I had a quick look at licensing. For your confirmation, the license isn’t suitable if what is under style/ is running within the application process. It’s currently GPL3, and it should be LGPL*
Changing the license require a written acknowledgement by all contributors (so, I mean by all of https://github.com/tsujan/Kvantum/graphs/contributors)
Thanks! Another one as well to split files in something more maintainable?
For QGnomePlatform, the code looks simpler. However, this part worries me:
Please note this library uses private Qt headers. It’s most likely won’t be forward nor backward compatible. This means you’ll have to recompile it with every Qt update.
Having gone in the past for QtDesigner using the private Qt headers, we saw those are changing a lot and is a lot of extra work. Fedora as some functionalities to rebuild every reverse dependencies that Debian/Ubuntu doesn’t have, and it’s way more work…
But yeah, someone needs to pacakge it as well. While doing the packaging for both, those 2 projects shouldn’t pull Qt by default (only be there to be ready to link against once an application requiring Qt is installed). We don’t want to pull Qt on the iso just for that (I can help with this).
/!\ this is what I spotting with a 5 minutes check, and as you saw, it’s already quite some criticals issues. A real security and maintainability audits need to be performed for installing this by default.
Indeed, but in general, code is organized by area and topic, via files (and folders) in packages (or namespaces, depending on the language used). This separation of concerns enables better testing (when the code has tests, which isn’t the case here), ensuring functionalities are grouped in logical places and ensure we avoid abstraction leaking ending up in spaghetti code.
Not the case for GTK, but that’s fair enough, we’ll have to see how much they are moving between releases.
We don’t want that installing the theme support by default pulls Qt on the ISO. This would mean a hundreds of MB of download for every ubuntu user and 200-300 additional MB on the installed system, for nothing using it on the system by default! This is why the package has to be hacked to remove the Qt dependencies (fine for build-time, only talking about runtime here).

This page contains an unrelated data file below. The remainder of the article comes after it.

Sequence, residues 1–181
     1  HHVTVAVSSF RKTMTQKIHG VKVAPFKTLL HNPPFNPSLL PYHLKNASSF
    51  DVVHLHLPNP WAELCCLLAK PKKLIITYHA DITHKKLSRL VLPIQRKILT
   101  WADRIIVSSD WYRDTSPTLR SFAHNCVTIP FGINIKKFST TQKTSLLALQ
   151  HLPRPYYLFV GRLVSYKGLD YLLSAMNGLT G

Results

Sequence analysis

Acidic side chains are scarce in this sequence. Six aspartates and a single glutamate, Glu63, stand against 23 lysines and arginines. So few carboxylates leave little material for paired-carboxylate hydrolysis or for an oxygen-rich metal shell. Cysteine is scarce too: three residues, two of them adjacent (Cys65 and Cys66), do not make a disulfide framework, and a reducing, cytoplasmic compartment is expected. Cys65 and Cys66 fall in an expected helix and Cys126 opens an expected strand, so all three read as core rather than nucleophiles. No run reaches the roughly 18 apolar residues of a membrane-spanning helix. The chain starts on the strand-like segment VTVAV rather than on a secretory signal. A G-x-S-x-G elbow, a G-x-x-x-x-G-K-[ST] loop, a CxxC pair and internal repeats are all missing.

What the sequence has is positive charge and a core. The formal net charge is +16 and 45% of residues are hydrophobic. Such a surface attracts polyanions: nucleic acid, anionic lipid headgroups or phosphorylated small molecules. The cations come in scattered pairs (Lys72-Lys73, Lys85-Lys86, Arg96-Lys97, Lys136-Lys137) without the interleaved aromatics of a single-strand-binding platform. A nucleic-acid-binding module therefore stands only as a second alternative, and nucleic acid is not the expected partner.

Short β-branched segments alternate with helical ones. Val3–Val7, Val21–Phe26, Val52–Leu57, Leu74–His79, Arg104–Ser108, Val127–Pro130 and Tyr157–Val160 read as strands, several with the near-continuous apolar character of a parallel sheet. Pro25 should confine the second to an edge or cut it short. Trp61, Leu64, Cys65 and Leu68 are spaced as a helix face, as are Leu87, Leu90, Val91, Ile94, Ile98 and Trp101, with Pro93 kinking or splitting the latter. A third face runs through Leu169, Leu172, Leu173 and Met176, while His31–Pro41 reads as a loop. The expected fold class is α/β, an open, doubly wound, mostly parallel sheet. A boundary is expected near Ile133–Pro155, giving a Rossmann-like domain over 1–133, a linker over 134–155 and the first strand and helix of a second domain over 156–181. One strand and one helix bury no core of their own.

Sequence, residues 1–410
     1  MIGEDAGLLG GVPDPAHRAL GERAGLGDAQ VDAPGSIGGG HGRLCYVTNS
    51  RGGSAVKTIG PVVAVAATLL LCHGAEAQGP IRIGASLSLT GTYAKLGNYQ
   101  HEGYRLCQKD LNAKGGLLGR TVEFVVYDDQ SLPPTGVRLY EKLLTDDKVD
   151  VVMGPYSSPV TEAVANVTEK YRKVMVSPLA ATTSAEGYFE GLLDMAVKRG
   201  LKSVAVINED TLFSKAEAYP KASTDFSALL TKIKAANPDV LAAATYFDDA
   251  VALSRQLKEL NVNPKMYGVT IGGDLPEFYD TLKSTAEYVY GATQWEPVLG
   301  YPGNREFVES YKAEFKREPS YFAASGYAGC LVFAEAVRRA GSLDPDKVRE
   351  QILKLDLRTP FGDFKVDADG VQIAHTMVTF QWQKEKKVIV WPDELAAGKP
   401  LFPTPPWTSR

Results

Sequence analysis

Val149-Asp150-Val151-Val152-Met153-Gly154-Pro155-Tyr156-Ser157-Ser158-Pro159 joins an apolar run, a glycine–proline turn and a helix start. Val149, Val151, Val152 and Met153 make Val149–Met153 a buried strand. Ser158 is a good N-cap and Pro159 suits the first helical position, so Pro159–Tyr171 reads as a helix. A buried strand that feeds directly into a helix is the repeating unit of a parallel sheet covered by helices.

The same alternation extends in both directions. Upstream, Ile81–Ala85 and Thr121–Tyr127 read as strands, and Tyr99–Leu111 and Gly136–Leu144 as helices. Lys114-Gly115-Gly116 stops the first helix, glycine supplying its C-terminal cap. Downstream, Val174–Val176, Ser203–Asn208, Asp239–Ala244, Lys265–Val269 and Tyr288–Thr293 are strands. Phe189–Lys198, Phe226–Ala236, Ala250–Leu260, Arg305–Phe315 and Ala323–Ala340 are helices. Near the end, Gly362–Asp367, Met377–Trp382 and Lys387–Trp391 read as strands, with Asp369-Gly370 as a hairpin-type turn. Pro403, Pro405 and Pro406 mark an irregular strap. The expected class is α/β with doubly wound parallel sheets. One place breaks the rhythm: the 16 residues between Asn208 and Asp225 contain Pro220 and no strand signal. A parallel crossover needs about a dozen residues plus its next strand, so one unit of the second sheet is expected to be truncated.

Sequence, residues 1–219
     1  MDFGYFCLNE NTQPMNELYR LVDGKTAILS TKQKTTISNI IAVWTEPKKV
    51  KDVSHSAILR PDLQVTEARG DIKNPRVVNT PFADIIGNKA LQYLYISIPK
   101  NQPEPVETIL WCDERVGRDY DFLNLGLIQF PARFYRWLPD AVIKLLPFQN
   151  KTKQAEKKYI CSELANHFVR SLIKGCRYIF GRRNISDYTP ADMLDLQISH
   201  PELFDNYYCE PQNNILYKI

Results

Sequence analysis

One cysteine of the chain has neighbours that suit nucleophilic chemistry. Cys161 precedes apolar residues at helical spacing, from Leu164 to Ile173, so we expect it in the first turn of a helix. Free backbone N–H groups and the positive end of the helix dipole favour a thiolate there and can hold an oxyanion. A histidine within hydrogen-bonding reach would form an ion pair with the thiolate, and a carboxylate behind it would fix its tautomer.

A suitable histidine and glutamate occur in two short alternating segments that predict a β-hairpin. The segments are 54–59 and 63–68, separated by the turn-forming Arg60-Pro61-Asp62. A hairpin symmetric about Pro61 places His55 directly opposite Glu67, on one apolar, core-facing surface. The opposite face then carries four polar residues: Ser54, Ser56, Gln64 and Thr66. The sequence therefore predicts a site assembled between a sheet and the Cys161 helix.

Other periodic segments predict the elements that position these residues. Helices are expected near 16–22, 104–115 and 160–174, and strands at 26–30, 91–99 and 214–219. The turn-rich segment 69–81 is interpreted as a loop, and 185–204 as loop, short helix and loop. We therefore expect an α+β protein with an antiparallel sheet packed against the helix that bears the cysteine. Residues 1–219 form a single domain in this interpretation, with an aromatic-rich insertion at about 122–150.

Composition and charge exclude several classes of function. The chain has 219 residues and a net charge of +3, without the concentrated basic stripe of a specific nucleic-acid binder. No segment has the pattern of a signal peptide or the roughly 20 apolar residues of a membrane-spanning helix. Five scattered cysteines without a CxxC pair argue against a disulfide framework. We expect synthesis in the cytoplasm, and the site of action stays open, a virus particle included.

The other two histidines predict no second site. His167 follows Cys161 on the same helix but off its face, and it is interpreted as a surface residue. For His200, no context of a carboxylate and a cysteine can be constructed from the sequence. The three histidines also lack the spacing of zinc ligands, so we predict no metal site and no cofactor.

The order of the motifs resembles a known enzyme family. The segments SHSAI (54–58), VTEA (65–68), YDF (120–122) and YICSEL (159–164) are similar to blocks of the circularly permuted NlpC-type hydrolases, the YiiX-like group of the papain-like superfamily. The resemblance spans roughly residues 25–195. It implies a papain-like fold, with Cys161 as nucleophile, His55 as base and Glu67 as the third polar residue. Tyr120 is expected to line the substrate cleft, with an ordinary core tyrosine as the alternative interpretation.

Then, when someone installs the first application using Qt, this application will pull the needed Qt parts via the package dependency system and the inactive theme module will find the Qt libraries. Making sense?
Ah, I think we have our lines crossed. I think Kvantum + QGnomPlatform should pull in Qt5. But the Kvantum theme for Communitheme should not. This would imply 3 packages - QGnomePlatform (C++), Kvantum (C++), and Communitheme (SVG + config file). Perhaps KvCommunitheme.kvconfig & KvCommuniotheme.svg should be copied (with permission from Tsujan) into (e.g.) https://github.com/Ubuntu/qt-communitheme ?
I know, I’m a software engineer. I agree the 18000 lines is excessive (never noticed the line count). I’ll see what I can do about splitting this up, and create a pull request.
No, I meant the whole Kvantum + QGnomePlatform shouldn’t depend on Qt4 or Qt5 as well or it would mean we can’t install by default, which we need for theme support. The same idea than before: if we do that, it means every ubuntu user will have Qt installed, when they don’t need it. We are already trying to reduce the iso size and base installed fingerprint, this would be detremendous.
We already did this in the past: appindicator support for unity was a Qt module where we stripped in the debian package the Qt dependency. That way, it was installed by default, but inactive until the first Qt app is installed.
I don’t see any other way to have those at least looked at for possible default inclusion.
Agreed, and we can ship it as part of the communitheme snap.
A bit more context on this: You currently can’t create a dependency that says “if BOTH Communitheme an Qt are installed, then install Kvantum + QGnomePlatform”. Thus, if we want to support Qt theming by default, we need to make Kvantum + QGnomePlatform either a dependency of Communitheme or a dependency of Qt4/5.
The Qt4/5 option isn’t ideal because that would mean for example that each Kubuntu and LXQT installation pulls in Kvantum + QGnomePlatform (and thus probably Gnome/GTK).
Why not “if GNOME shell is installed, install Kvantum+QGnomePlatorm, but not Qt” ? I think that is what @didrocks was implying? Then when a Qt5 app is installed, it pulls in Qt5, and uses Kvantum+QGnomePlatorm
Kvantum has a matching Ambiance theme, so I think it should be used for the regular Ubuntu session as well. For the pure-GNOME session, I think we should also package Adwaita-Qt (then use Adwaita-Qt + QGnomePlatform)